Feel-Good Soup

Soup is the ultimate comfort food. By planning ahead, you can have it in a flash—even when you’re sick. Get Hot and Sour Broth Base and Soup recipes at TwiceasTasty.com.
Soup is the ultimate comfort food. It warms you from head to toe, even reaching fingertips wrapped around a warm bowl or mug. It can be pleasantly light or satisfyingly filling. You can load it with your favorite ingredients and flavors, and it makes brilliant leftovers. What’s not to love about homemade soup?

Some days, the answer is, “That I have to make it.” When you’re sick, soup can make you feel better, but not if you have to get out of bed, gather and chop the ingredients, and monitor the pot. When I’ve got a bug, I crave hot and sour soup. But one of my favorite recipes, Padma Lakshmi’s Hot and Sour Tomato Broth with Shrimp from Tangy Tart Hot & Sweet, requires specialty ingredients and effort. So I’ve developed a version can be frozen as a broth base. The essential work can happen long before you want the soup. When you’re under the weather, you can simply defrost and mix it into homemade stock. On healthy days, you can fill it out to create a full meal for everyone at the table.
Learn to make Hot and Sour Broth Base and Soup

Winding Down the Year

What a fabulous first Twice as Tasty year! As 2016 ends, I want to briefly look back at what’s been done since the blog’s launch last June and even share a few of the things to come.

This is the 37th post on the blog. Twice as Tasty now includes nearly 60 recipes and some additional 20-plus pages that apply a range of techniques to preparing, storing, and eating well all year. These have been going out each Tuesday to more than 150 email subscribers and Facebook followers. The 40-plus members of the companion Facebook group have been busy asking questions about and sharing the results of their food adventures.

Offline, Twice as Tasty has been feeding concertgoers and yogis, participating in food swaps, trying new recipes and techniques, and taste-testing with friends and family. I am grateful for everyone’s support and participation. And I’m so excited to share more in the coming year. Read more about what’s in store for 2017

Broccoli

One of the few vegetables I always blanch is broccoli. For years I skipped blanching before freezing altogether. As I mention elsewhere on this blog, blanching affects food quality rather than food safety, and I wasn’t really tasting the difference with most vegetables. Besides, I grill corn, onions, eggplant, and most other veg before freezing, which makes a blanch step redundant.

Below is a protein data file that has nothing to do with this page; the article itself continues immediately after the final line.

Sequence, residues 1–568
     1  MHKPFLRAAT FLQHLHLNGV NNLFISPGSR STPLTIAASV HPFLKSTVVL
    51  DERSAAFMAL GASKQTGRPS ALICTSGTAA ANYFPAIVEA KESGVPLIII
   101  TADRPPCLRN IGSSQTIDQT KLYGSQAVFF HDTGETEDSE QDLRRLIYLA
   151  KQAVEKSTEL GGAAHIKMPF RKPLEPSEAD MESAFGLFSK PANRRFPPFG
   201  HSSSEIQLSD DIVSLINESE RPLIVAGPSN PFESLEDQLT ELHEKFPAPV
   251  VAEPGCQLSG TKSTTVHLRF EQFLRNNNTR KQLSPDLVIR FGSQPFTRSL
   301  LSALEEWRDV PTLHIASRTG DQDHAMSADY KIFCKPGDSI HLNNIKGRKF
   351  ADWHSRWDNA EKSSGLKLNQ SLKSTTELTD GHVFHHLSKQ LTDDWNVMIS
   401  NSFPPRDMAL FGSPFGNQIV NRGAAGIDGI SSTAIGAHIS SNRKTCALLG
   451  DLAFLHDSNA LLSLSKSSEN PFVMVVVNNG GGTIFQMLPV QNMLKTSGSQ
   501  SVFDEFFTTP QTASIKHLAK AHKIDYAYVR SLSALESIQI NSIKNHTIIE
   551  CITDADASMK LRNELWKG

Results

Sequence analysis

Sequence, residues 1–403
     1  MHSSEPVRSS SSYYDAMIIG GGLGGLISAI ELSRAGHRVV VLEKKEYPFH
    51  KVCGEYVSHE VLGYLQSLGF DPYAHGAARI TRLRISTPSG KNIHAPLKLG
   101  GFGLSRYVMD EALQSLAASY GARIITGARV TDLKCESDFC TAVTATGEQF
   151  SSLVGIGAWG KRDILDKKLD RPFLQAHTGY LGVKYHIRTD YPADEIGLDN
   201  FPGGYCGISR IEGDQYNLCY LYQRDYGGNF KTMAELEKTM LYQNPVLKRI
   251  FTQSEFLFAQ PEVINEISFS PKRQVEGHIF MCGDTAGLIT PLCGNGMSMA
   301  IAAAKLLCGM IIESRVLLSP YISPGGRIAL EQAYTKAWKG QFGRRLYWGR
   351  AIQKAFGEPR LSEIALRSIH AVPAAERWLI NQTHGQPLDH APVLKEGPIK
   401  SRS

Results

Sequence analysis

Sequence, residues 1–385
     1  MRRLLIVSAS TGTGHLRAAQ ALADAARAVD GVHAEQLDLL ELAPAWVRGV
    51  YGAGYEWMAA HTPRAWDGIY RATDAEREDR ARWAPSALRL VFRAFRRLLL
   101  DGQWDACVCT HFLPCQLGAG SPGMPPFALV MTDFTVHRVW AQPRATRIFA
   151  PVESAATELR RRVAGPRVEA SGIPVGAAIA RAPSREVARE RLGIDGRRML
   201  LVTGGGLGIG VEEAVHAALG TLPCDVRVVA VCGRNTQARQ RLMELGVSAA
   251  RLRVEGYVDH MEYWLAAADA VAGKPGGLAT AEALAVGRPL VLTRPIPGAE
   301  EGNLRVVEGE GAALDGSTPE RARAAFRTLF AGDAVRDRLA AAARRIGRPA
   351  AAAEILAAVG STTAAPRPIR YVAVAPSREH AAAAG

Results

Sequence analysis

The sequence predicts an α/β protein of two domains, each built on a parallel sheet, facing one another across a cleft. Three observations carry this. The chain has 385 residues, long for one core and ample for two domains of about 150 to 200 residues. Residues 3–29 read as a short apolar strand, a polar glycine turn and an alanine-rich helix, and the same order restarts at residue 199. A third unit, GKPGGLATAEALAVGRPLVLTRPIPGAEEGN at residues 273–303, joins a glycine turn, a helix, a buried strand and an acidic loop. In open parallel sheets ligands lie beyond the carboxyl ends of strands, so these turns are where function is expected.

Broccoli, I’ve learned, is a big exception. Frozen raw, it ends up tasting bitter and woody, even when you add cheese and stock to make a soup. I opt to place the chopped stems and florets in a steamer basket instead of plunging them into the boiling water. Hervé This explains in Kitchen Mysteries that hydrogen ions ultimately are responsible for cooked vegetables appearing brown instead of green. Putting vegetables directly into water only increases their contact with hydrogen. Learn to steam-blanch broccoli and make Broccoli Cheese Soup

Chowders

I’m a fan of thick, hearty soups. Although I make miso or hot and sour soup when I’m down with a bug, I gravitate toward soups that you know are filling just by looking in the pot.

Last week, I mentioned a range of thickeners that can be added to the pot. My favorites are flour-and-butter roux, as in 30-Minute Cherry Tomato Soup. and potatoes. Potatoes have the advantage of acting as both main ingredient and thickener and can be the prominent—or even the primary—ingredient; they can be added to the pot precooked or raw. Like tomatoes, potatoes are mostly water, but the portion that is solid is almost entirely starch. As you heat potatoes, the starch softens, expands, and gels, making the soup more viscous. Keep this in mind when you’re preparing a potato-thickened soup: Potato starch gels at a lower temperature than flour. The result is a far thicker soup. Learn to make Hearty Corn Chowder and Boozy Potato Chowder